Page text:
Ethereum Classic (ETC), the smaller spinoff of Ethereum, is still reeling from the 51% attack that was carried out on its blockchain, resulting in the theft of more than $1 million in ETC tokens and an almost 10% erosion of the cryptocurrency’s value.
Reactions to this attack have been pouring in from various quarters, including the temporary ban placed on various activities involving ETC by major cryptocurrency exchange platforms such as Coinbase and Kraken. Industry experts and institutions have also weighed in on the matter, how this incident could affect the public perception and adoption of blockchains, and how incidents like this can be prevented in the future.
In an email conversation with Bloomberg, venture capitalist Kyle Samani claimed that the success of the attack on the blockchain demonstrates that the Ethereum Classic blockchain has essentially failed at one of its most basic responsibilities as a decentralized cryptocurrency network.
I’m surprised that ETC is not down 50 percent or more. The most probable explanation is that the biggest holders store their assets off-exchange, leaving them unable to transfer them back and sell.
However, Charlie Lee — the founder and developer of Litecoin — seems to believe that with this attack, the Ethereum Classic blockchain is only exhibiting one of the inherent characteristics of a blockchain. In a tweet earlier this week, Lee stated that every decentralized cryptocurrency is susceptible to attacks of this nature, and any blockchain that demonstrates an immunity to this kind of attack is essentially centralized and permissionised.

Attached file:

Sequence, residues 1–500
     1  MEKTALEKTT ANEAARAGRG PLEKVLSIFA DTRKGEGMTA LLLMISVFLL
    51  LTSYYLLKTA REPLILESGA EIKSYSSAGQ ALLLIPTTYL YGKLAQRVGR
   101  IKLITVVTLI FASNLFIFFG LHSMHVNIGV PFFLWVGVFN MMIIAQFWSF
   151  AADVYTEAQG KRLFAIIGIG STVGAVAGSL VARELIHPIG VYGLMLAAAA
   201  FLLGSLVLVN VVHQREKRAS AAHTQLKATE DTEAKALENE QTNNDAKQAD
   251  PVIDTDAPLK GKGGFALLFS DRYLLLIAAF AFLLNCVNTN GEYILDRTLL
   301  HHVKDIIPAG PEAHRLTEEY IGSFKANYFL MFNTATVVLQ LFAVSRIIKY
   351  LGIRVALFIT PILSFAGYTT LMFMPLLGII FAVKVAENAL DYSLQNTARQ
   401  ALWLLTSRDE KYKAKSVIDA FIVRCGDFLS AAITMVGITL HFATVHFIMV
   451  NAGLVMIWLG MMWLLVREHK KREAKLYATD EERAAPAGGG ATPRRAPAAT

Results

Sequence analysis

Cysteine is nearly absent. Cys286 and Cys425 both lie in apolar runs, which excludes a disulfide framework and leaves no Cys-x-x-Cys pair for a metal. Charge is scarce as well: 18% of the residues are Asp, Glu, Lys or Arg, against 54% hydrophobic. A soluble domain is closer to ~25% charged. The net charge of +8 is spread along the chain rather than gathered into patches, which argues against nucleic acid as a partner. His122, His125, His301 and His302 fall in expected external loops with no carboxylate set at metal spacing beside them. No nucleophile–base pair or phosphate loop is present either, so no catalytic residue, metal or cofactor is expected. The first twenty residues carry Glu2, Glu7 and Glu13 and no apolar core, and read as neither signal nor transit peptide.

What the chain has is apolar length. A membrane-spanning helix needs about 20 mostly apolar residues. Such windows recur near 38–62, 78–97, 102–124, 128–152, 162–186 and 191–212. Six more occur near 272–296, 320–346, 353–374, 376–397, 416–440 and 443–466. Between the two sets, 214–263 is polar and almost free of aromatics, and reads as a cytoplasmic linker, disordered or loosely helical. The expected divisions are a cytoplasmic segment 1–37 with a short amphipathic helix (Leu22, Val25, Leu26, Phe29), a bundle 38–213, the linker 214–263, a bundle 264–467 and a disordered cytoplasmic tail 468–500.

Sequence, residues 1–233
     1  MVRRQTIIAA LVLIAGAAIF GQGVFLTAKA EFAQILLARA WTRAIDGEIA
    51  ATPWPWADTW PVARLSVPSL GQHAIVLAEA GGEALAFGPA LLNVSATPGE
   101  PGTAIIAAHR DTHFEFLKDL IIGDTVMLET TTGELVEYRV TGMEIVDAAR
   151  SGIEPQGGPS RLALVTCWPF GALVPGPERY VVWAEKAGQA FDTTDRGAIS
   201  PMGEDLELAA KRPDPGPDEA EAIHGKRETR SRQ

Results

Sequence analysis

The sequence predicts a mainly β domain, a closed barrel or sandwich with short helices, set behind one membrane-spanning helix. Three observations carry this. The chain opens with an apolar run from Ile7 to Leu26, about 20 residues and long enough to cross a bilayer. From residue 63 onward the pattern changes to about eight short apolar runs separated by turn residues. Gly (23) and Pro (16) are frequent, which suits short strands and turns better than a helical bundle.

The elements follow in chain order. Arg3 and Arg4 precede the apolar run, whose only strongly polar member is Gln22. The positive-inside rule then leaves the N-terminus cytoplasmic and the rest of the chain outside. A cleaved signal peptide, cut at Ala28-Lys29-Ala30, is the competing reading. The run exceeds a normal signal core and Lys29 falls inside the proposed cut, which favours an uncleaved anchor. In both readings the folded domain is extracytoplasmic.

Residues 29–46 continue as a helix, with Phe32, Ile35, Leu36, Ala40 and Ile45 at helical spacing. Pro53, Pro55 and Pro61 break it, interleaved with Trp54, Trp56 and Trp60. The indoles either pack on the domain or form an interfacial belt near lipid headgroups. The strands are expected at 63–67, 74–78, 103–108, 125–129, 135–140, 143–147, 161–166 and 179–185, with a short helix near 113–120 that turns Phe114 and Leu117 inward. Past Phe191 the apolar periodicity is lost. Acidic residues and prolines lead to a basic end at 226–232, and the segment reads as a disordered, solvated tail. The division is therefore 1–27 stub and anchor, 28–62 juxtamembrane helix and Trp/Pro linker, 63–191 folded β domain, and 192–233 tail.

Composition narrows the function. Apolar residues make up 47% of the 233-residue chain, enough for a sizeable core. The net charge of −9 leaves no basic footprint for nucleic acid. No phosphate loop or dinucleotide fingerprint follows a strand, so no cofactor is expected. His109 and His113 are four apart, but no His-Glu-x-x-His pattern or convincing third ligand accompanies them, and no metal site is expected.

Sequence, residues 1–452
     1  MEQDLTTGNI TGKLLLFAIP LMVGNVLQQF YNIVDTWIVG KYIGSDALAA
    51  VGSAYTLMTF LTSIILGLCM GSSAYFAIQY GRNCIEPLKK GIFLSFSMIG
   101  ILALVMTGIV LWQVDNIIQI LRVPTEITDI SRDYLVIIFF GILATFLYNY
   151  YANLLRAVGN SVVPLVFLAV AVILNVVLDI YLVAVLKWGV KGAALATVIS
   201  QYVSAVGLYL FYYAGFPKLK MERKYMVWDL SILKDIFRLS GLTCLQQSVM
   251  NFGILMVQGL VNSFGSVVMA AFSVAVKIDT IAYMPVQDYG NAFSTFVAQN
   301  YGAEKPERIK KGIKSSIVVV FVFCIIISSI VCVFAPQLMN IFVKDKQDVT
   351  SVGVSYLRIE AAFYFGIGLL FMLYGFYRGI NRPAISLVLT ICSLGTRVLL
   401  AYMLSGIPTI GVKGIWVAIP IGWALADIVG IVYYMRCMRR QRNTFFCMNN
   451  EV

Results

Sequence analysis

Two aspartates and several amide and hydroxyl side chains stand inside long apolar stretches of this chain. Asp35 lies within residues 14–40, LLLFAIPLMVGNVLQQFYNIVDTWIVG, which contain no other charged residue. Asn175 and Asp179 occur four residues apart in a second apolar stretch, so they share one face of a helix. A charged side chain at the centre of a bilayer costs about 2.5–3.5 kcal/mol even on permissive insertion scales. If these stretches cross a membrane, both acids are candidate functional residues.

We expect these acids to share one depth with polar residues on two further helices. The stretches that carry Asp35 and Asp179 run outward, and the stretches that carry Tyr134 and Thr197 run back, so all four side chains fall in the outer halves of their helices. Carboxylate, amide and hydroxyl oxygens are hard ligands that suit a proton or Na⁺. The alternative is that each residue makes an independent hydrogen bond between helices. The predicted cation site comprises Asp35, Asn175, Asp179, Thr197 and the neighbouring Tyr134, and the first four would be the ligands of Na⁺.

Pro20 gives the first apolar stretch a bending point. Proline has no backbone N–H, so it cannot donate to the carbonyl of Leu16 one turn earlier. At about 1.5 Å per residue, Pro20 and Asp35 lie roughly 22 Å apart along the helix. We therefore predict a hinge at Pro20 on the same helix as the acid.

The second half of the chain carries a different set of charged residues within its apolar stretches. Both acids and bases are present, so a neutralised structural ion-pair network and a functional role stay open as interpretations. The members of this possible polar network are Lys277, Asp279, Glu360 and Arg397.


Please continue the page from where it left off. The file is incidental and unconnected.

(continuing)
“By definition, a decentralized cryptocurrency must be susceptible to 51% attacks whether by hash rate, stake, and/or other permissionlessly-acquirable resources,” the Litecoin creator wrote.
Lee’s sentiment was shared by Donald McIntyre, a member of the ETCDEV development team, which was shut down in December 2018 over lack of funding in the wake of the downturn in the crypto market. In a blog post published on Medium on January 8, McIntyre wrote:
Bear in mind that the current attacks ETC suffered are not a function of flawed internal design or a ‘hack’ to the system. It was a double-spend mining attack and a breach of security which is a formal assumption in its design, which is vulnerable to 51% attacks, as in any other proof of work blockchain, including Bitcoin.
In the post, McIntyre further claimed that the blockchain could be protected from attacks like this in the future through a change in the mining algorithm. At press time, ETC is ranked the 18th largest cryptocurrency by market capitalization and is trading at $5.04.
Charlie Lee Image from Slush 2018/YouTube